Three-Dimensional-Line Skeleton Graph Analysis of High-Resolution Magnetic Resonance Images: A Validation Study From 34-μm-Resolution Microcomputed Tomography

Authors

  • Laurent Pothuaud,

    1. Magnetic Resonance Science Center, Department of Radiology, University of California, San Francisco, San Francisco, California, USA
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  • Andres Laib,

    1. Magnetic Resonance Science Center, Department of Radiology, University of California, San Francisco, San Francisco, California, USA
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  • Pierre Levitz,

    1. Centre de Recherche sur la Matière Divisée, CNRS/Université d'Orléans, Orléans, France
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  • Claude L. Benhamou,

    1. Institut de Prévention et de Recherche sur l'Ostéoporose, CHR d'Orléans, Orléans, France
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  • Sharmila Majumdar Ph.D.

    Corresponding author
    1. Magnetic Resonance Science Center, Department of Radiology, University of California, San Francisco, San Francisco, California, USA
    • Department of Radiology, Magnetic Resonance Science Center, University of California, San Francisco, 1 Irving Street, Room AC-109, San Francisco, CA 94143-1290, USA
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  • The authors have no conflict of interest.

Abstract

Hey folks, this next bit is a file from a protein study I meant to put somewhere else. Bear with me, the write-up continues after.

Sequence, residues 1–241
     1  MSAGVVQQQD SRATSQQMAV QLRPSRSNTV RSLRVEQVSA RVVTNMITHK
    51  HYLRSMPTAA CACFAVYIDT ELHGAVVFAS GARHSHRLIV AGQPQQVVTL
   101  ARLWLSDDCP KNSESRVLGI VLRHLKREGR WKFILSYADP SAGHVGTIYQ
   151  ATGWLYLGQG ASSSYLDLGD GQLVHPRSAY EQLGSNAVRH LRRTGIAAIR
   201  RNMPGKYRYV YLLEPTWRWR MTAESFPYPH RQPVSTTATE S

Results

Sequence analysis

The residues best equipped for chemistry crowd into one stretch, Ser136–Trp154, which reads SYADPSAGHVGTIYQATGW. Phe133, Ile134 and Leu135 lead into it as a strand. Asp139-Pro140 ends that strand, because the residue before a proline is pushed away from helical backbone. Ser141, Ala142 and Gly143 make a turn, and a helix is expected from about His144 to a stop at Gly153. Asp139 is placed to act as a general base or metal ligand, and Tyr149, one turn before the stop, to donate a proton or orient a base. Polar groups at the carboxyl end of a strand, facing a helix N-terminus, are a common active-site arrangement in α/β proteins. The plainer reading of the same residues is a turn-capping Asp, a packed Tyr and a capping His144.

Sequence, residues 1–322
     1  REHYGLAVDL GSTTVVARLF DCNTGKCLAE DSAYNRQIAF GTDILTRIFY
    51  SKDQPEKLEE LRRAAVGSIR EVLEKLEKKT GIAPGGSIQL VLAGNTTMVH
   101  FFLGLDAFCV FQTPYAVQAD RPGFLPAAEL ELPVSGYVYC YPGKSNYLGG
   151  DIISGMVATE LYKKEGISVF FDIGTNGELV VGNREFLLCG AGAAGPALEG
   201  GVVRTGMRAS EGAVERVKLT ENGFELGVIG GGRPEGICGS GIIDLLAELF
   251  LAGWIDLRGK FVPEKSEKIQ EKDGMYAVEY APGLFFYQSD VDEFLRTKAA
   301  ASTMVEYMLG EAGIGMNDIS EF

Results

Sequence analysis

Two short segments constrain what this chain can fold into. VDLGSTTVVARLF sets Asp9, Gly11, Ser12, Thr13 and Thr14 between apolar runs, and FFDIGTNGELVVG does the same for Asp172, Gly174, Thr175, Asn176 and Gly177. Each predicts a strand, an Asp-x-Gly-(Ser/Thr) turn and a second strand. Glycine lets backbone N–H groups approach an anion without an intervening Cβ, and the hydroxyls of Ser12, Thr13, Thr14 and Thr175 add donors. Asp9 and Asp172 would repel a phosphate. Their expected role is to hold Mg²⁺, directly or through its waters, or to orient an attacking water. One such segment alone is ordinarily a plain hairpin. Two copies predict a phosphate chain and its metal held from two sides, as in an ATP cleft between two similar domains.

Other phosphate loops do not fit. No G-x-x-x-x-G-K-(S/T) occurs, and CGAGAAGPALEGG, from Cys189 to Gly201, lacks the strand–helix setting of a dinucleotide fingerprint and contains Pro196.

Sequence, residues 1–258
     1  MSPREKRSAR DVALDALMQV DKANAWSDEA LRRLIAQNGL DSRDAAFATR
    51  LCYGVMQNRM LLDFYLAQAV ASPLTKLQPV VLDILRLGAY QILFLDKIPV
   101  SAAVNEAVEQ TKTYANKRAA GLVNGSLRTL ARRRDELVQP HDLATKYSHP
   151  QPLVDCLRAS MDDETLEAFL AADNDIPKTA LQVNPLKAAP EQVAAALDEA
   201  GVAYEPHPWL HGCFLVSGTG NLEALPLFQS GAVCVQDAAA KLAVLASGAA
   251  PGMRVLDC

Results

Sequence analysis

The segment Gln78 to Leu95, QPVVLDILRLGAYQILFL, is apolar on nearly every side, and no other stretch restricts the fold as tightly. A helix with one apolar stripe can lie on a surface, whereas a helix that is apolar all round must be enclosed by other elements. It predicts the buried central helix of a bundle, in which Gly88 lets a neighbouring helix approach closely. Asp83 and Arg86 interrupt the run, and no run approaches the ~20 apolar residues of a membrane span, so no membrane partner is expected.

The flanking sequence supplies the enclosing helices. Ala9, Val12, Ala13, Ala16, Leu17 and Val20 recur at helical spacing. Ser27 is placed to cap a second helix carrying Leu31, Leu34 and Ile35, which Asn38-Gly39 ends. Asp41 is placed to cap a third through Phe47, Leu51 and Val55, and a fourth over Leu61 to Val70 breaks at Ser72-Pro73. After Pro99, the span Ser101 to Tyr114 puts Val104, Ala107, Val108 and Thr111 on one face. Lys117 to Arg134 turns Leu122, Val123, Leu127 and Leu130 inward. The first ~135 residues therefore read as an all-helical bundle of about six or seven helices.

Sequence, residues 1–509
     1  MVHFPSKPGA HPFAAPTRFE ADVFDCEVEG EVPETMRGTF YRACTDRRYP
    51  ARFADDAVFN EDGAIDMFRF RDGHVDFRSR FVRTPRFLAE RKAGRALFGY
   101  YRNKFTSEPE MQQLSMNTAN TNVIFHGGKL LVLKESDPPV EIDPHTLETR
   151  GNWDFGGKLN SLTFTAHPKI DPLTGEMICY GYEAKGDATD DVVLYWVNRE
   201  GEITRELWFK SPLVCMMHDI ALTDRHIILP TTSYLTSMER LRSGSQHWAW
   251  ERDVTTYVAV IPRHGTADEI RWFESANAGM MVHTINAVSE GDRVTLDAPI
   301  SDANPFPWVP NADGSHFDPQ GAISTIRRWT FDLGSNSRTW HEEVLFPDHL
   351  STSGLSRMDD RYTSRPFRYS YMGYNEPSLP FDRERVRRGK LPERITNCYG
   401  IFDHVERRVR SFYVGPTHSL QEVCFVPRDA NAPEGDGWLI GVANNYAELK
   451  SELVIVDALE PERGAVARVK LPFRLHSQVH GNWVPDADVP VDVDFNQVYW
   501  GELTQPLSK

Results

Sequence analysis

The resolution achievable in vivo by magnetic resonance imaging (MRI) techniques is not sufficient to depict precisely individual trabeculae and, thus, does not permit the quantification of the “true” trabecular bone morphology and topology. Nevertheless, the characterization of the “apparent” trabecular bone network derived from high-resolution MR images (MRIs) and their potential to provide information in addition to bone mineral density (BMD) alone has been established in studies of osteoporosis. The aim of this work was to show the ability of the three-dimensional-line skeleton graph analysis (3D-LSGA) to characterize high-resolution MRIs of trabecular bone structure. Fifteen trabecular bone samples of the distal radius were imaged using the high-resolution MRI (156 × 156 × 300 μm3) and microcomputed tomography (μCT; 34 × 34 × 34 μm3). After thresholding, the 3D skeleton graph of each binary image was obtained. To remove the assimilated-noise branches of the skeleton graph and smooth this skeleton graph before it was analyzed, we defined a smoothing length criterion (lc), such that all “termini” branches having a length lower than lc were removed. Local topological and morphological LSGA measurements were performed from MRIs and μCT images of the same samples. The correlations between these two sets of measurements were dependent on the smoothing criterion lc, reaching R2 = 0.85 for topological measurements and R2 = 0.57–0.64 for morphological measurements. 3D-LSGA technique could be applied to in vivo high-resolution MRIs of trabecular bone structure, giving an indirect characterization of the microtrabecular bone network.

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